Dallas' Restaurants Have Been Shunned by Yelp, but Not for the Reasons You Think

Categories: Complaint Desk

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Earlier this week Yelp published its top 100 restaurants -- what it described as a list of "the ultimate, try-before-you-die, food-coma-inducing, so-good-it-makes-you-want-to-slap-your-momma places to eat." The ranked list seemed to touch on every aspect of American dining, from east coast to west, from downtown to suburban, and from fine dining to humble street tacos, but there was one problem: Not a single restaurant was located in Dallas.

Texas did OK. Austin earned three mentions for Franklin Barbecue, Turf N' Surf Po Boy and Little Deli & Pizzeria, with two more going to the Uchi empire. Tiny Pflugerville got a nod for an Ethiopian restaurant, and Houston got one for a Brazilian steak house.

But while it may look like Dallas has been shunned by Yelp, if you look at how this list was created, it's actually the other way around.

Yelp's engineers primarily used star ratings and the number of reviews received by a restaurant to determine which highest ranked restaurants were most popular on Yelp. It wasn't just enough to have a five-star rating -- you had to have a lot of them.

And that's where Dallas came up short. Many of the restaurants in Yelp's list have thousands of reviews. Dallas' top ranked restaurants rarely see more than 500, with most receiving much less. Dallas isn't on Yelp's list not because it lacks restaurants worthy of the national spotlight, but because it lacks enough people willing to jump on the internet and gush about the great food that they found.

Yelp's usefulness aside, I'm not so sure that this inactivity a good thing. It reminds me of a post I wrote about the activity on food message boards two years ago. An online food community, on Yelp or elsewhere, is at least one indicator of the health of a city's culinary scene. And at least on that front, Dallas still lags behind.


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25 comments
andrewdtx
andrewdtx

Whatever you've read about Yelp it's probably true if not worse.  I work with a lot of local restaurants & when on the subject of Yelp I often hear stories of their sales reps calling up & trying to sell the business on advertising.  When they say no thanks, the reps will then proceed to tell said established business that they owe Yelp for their good fortunes saying stuff like "well, is business good? don't you think you owe some of that good business to these reviews?"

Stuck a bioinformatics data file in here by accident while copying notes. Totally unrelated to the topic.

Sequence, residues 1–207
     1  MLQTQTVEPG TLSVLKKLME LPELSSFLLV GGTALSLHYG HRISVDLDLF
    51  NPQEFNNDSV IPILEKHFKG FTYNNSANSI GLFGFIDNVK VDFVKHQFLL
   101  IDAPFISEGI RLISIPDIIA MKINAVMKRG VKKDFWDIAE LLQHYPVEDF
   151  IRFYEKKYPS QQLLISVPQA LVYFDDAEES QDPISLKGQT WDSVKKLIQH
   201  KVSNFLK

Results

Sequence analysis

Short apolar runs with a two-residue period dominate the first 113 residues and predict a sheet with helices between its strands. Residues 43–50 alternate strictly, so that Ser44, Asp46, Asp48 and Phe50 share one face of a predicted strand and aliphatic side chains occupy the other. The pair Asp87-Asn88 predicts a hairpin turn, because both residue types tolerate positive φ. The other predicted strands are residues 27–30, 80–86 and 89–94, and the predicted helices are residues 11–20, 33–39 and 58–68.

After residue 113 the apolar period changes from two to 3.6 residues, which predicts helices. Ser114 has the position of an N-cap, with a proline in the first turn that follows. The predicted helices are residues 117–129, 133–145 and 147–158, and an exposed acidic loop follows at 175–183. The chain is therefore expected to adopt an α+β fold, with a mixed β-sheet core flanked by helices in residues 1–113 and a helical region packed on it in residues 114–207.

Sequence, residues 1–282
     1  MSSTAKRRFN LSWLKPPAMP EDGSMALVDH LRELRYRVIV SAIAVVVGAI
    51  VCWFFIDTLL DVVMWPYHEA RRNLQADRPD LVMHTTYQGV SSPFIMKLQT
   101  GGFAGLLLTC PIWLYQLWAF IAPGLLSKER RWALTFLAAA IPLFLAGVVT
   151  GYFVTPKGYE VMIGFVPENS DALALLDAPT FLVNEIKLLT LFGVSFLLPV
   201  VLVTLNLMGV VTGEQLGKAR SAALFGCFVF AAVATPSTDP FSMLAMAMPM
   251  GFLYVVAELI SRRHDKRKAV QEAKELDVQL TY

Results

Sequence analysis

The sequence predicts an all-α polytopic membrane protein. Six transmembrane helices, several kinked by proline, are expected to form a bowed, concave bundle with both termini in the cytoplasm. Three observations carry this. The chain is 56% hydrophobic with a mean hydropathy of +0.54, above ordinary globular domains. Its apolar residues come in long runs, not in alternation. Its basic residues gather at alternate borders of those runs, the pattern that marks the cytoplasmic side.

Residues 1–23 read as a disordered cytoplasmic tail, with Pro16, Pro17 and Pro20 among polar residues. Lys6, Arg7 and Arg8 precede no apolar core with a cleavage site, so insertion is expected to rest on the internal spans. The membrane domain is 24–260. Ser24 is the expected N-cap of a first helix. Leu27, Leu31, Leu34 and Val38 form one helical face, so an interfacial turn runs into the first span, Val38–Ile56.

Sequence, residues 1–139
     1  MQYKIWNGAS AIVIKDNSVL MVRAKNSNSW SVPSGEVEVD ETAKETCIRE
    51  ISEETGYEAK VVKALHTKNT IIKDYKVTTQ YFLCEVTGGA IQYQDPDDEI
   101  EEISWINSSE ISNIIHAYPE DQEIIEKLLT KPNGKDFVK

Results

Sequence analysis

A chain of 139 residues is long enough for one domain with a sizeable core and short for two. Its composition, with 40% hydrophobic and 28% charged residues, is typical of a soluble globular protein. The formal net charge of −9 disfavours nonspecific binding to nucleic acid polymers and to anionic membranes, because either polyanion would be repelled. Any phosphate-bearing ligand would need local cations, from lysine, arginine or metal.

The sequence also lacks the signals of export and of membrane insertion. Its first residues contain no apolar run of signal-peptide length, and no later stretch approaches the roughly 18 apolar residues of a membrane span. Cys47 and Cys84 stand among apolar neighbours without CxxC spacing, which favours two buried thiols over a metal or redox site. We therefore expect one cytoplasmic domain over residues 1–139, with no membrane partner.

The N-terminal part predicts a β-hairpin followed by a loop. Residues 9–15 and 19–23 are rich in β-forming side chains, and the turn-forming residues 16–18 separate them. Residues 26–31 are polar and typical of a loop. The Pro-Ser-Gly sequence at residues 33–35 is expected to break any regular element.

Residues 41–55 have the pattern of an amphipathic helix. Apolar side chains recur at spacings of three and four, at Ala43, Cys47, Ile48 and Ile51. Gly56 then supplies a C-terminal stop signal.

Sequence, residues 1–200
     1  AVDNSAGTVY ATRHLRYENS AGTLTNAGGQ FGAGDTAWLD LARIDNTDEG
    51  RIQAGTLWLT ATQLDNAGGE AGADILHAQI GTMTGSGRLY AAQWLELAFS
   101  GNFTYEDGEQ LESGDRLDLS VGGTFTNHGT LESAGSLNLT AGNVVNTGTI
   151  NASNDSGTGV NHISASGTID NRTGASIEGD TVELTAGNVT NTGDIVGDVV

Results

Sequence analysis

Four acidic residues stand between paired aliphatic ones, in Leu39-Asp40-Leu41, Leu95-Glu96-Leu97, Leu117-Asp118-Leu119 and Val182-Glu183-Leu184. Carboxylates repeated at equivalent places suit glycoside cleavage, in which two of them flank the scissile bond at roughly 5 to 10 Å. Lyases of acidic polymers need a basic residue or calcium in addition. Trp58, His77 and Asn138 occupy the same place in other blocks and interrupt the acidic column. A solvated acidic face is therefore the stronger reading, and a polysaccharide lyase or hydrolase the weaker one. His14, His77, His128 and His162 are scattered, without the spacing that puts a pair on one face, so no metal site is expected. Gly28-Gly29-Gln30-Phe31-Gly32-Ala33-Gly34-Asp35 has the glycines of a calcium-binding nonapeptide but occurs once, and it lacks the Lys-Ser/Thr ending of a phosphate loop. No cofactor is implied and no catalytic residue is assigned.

dixiechickidie
dixiechickidie

I met a Yelper in real life not too long ago and he tried to convince me to start writing Yelp reviews. He really emphasized how Yelpers can get special access to and/or treatment from restaurants. I felt like I was being worked over to join their cult.

NippleRing
NippleRing

The Dallas Yelp page is overrun by the creme de la creme of $30k a year millionaires this city has to offer. You don't believe me? Read the reviews. I bet more than half are fake. The internet is an amazing escape from real life.



Sotiredofitall
Sotiredofitall topcommenter

I usually disregard Yelp as the majority of reviews are worthless.

Guest
Guest

I've stopped using Yelp because of all the reviews where dumbasses who are used to having their tastebuds assaulted by Chili's go to a real restaurant and then proclaim that the food "lacked flavor".

Oxtail
Oxtail

One need only to Google "yelp" and "lawsuit."  Restaurants suing yelp, yelp suing commentators,.... what a mess. I love eating in Dallas, and I cannot remember the last time I ever used yelp for anything.  We have good local publications/blogs on dining if I need a reference. I don't need to rely on "Jenny from Mesquite" to tell me what is good or not. 


I remember their map application being somewhat useful.

Greg820
Greg820

I prefer to believe that the Dallas food community understands the real and significant inadequacies of Yelp and prefer to communicate through other, more suitable venues.  

kwill
kwill